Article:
Yehoshua Goldring
Kansas City 2003-2005

 
Joseph, the ambitious protagonist of the final four readings of Genesis, is the “master of dreams”. In addition to his own two dreams of future greatness, Joseph is called upon to interpret four more dreams: the dreams of the royal baker and steward, and Pharaoh’s double dream about the famine of seven years.

All six dreams were prophetic. As the Sages wrote, “A dream is a sixtieth of prophecy”. And yet there are inaccuracies in Joseph’s dreams. Joseph dreamt that the sun and moon would bow down to him – i.e., even his father and mother would acknowledge his greatness. But, as his father pointed out, Joseph’s mother had passed away long before!

Still, “Jacob waited to see the results.” [Genesis 37:11]Jacob knew that this impossibility did not invalidate the rest of the dream. The Sages remarked:

“Even if most of a dream comes true, not all of it will come to pass.” [Berachot 55]

Why do dreams contain extraneous and inaccurate details?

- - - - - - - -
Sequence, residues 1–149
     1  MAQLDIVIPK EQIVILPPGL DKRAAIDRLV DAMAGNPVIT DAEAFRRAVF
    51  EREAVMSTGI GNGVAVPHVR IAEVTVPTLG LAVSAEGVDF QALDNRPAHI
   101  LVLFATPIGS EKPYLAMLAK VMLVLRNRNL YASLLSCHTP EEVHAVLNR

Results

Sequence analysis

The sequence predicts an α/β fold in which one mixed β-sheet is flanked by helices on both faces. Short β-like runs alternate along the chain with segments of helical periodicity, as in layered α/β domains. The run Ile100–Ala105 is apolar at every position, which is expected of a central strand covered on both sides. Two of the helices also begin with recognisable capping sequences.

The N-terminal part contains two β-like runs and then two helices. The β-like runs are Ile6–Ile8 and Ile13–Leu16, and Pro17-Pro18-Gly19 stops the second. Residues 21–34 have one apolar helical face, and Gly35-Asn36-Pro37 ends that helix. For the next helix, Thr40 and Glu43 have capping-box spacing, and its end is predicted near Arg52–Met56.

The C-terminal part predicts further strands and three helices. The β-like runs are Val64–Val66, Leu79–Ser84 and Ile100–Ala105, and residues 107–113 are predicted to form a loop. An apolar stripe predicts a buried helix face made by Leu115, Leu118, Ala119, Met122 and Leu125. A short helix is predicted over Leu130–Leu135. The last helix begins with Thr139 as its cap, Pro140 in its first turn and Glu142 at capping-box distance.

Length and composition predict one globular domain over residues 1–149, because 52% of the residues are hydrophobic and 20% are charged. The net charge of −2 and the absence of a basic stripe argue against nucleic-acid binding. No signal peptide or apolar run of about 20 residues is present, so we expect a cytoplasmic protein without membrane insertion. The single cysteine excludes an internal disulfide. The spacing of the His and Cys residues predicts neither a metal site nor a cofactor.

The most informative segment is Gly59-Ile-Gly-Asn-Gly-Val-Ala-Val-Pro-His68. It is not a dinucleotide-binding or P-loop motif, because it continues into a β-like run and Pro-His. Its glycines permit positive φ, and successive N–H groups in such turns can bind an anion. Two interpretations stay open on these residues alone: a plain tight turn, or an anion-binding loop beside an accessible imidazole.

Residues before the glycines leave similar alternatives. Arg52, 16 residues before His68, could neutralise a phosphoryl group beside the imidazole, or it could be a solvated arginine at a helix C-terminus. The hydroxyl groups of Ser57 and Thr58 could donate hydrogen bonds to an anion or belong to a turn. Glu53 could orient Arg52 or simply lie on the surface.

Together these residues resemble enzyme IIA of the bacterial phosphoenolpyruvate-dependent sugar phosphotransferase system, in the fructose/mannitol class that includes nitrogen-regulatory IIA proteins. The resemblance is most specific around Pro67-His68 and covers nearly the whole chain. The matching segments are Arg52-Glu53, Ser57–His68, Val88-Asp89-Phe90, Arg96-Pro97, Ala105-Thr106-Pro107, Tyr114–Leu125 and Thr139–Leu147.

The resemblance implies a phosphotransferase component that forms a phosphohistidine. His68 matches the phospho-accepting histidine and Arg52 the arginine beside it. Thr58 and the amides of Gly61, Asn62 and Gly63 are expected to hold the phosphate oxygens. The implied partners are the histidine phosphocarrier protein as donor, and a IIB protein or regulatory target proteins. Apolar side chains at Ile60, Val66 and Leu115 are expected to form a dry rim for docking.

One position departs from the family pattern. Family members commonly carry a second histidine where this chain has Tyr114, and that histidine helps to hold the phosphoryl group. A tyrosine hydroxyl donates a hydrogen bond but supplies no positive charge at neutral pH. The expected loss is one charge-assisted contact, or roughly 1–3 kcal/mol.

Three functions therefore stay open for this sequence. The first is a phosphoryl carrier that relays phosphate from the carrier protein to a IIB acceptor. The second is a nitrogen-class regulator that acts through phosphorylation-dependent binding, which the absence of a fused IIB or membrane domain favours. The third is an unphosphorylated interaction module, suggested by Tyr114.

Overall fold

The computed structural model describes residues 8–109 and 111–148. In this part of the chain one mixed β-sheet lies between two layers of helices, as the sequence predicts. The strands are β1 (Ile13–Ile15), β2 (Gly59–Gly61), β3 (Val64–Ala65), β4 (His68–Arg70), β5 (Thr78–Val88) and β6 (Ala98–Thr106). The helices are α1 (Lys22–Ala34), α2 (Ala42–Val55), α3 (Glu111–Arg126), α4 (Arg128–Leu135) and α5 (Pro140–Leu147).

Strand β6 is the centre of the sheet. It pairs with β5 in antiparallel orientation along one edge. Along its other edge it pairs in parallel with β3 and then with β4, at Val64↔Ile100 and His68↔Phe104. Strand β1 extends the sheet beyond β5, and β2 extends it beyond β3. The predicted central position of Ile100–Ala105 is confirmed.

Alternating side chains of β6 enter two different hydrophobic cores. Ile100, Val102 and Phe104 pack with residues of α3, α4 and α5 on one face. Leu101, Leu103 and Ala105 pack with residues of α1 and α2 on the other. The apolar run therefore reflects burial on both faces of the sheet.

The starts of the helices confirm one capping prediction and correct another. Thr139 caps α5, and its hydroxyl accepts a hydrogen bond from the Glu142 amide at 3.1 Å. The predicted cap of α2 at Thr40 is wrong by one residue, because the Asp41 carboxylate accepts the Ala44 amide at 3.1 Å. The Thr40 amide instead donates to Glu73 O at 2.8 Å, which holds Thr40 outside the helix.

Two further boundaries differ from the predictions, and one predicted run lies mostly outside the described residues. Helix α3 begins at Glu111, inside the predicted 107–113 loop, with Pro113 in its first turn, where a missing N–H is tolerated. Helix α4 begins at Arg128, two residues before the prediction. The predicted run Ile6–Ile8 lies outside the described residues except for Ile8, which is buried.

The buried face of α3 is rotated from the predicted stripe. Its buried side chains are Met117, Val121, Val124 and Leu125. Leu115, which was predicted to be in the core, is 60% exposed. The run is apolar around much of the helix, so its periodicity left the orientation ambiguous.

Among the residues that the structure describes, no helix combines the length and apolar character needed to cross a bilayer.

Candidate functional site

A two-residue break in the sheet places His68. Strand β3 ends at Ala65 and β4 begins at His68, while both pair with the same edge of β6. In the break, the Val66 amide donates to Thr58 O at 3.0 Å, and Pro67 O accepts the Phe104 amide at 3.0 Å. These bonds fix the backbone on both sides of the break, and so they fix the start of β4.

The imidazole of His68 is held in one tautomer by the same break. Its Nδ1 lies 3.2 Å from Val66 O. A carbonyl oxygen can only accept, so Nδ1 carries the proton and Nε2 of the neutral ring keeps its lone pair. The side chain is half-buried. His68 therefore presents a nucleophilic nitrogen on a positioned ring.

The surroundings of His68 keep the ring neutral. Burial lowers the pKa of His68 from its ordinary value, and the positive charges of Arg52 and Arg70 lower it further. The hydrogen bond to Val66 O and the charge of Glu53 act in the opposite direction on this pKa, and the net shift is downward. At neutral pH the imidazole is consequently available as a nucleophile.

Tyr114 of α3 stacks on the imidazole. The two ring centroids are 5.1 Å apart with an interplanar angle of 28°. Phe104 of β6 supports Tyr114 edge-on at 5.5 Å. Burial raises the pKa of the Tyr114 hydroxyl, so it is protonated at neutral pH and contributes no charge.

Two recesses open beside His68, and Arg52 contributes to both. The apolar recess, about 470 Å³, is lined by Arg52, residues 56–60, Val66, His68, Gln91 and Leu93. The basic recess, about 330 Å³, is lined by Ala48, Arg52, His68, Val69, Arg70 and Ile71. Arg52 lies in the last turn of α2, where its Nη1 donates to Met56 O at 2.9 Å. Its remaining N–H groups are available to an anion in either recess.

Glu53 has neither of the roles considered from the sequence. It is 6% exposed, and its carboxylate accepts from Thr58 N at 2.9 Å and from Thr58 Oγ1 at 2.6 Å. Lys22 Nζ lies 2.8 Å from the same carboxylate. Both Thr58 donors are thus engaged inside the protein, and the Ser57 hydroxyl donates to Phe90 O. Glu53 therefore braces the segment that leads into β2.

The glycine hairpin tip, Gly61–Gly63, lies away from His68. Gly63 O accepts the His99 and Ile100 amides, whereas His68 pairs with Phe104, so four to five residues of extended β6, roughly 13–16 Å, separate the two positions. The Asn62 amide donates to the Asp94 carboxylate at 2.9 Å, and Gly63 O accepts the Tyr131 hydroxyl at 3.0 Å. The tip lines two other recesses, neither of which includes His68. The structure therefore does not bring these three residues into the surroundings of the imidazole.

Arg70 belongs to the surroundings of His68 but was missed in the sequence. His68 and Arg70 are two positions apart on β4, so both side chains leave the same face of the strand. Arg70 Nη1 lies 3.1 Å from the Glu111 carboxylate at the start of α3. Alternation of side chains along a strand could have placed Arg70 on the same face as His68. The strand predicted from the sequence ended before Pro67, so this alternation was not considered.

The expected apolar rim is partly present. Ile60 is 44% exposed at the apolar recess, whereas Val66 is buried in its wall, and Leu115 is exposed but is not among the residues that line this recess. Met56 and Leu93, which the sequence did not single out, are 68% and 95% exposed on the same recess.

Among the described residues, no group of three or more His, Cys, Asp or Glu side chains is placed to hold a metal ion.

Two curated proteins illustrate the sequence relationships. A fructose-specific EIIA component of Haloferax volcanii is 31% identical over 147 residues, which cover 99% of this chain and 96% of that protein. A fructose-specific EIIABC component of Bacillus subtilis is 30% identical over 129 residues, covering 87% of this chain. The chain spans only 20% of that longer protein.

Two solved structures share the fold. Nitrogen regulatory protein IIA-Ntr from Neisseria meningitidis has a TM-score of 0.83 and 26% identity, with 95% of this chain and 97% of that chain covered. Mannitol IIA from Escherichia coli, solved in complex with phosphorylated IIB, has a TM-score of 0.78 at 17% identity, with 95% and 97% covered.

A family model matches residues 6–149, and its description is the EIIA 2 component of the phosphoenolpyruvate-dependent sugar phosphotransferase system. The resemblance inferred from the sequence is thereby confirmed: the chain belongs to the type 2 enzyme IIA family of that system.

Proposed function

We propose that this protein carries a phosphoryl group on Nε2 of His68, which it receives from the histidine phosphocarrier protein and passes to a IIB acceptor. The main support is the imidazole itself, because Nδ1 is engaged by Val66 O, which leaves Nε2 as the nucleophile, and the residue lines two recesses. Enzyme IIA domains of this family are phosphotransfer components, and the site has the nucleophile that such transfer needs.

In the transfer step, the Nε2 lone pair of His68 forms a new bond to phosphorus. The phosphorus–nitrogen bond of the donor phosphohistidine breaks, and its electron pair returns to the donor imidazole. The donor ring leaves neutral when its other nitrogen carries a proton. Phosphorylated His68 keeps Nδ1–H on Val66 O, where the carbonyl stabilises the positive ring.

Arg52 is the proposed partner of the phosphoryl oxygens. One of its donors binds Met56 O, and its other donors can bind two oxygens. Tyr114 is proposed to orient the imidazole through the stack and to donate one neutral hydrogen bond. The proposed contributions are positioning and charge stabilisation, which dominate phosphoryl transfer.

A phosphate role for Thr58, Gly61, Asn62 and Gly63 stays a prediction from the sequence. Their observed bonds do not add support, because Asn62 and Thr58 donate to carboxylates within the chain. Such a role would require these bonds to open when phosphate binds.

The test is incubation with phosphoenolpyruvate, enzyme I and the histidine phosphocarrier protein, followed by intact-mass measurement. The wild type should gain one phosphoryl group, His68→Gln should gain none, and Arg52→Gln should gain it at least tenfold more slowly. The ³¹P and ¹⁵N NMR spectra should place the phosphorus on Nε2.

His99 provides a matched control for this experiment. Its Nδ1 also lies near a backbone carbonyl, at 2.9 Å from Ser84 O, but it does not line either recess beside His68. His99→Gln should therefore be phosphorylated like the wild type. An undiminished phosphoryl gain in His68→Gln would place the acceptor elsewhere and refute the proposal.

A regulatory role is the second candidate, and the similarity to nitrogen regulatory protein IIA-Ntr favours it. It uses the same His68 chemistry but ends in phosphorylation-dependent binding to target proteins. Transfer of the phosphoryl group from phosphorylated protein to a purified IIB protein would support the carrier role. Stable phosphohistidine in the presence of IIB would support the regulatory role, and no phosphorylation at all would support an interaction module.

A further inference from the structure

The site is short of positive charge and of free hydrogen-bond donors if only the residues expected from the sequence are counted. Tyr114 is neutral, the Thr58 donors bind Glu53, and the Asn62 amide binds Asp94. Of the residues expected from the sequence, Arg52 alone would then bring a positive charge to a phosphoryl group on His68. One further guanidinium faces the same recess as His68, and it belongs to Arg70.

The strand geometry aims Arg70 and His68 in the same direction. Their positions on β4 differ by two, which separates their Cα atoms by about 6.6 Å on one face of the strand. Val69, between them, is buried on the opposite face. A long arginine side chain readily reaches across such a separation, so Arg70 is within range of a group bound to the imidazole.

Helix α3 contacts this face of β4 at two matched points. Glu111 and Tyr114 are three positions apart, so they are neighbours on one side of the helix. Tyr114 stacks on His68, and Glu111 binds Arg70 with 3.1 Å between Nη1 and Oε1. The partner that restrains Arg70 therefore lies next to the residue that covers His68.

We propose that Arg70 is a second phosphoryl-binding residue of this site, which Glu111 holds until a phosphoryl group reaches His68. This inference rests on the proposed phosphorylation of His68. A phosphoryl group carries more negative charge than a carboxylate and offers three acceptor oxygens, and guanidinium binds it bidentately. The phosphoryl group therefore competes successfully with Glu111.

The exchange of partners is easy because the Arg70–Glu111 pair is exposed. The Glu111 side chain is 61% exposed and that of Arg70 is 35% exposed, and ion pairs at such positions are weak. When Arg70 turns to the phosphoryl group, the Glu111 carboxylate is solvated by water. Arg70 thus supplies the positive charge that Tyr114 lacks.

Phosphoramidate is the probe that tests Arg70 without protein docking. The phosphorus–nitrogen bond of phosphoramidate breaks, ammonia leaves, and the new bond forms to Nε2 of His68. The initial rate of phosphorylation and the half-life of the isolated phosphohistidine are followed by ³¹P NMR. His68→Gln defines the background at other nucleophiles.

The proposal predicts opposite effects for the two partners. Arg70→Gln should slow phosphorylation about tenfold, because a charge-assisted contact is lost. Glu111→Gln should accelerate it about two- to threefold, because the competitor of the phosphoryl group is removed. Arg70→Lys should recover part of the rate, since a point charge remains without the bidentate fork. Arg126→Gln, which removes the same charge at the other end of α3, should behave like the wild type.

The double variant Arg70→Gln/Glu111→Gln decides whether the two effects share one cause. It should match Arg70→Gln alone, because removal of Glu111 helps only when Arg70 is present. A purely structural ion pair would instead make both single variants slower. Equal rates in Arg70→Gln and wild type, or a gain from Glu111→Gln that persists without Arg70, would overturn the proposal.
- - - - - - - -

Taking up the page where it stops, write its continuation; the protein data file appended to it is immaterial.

Rav Kook explained that this is due to the very nature of dreams. All dreams come from the human powers of imagination and emotion. As such, they are subject to exaggeration and nonsensical elements. But even prophetic dreams (or the elevated parts of dreams) may nevertheless contain details which do not fit reality. This is because the truth of prophetic dreams relates to the general reality of what should occur. It may be that due to circumstances, certain details will in fact occur differently. This does not mean that the dream contained fabrications. Rather, the dream’s message relates to what potentially could or should have occurred.

Joseph dreamt of his parents bowing down before him. In reality, his mother had died long before. Yet, the fundamental message of the dream was true. For had Rachel still been alive, she too would have bowed down before her son – the viceroy of Egypt.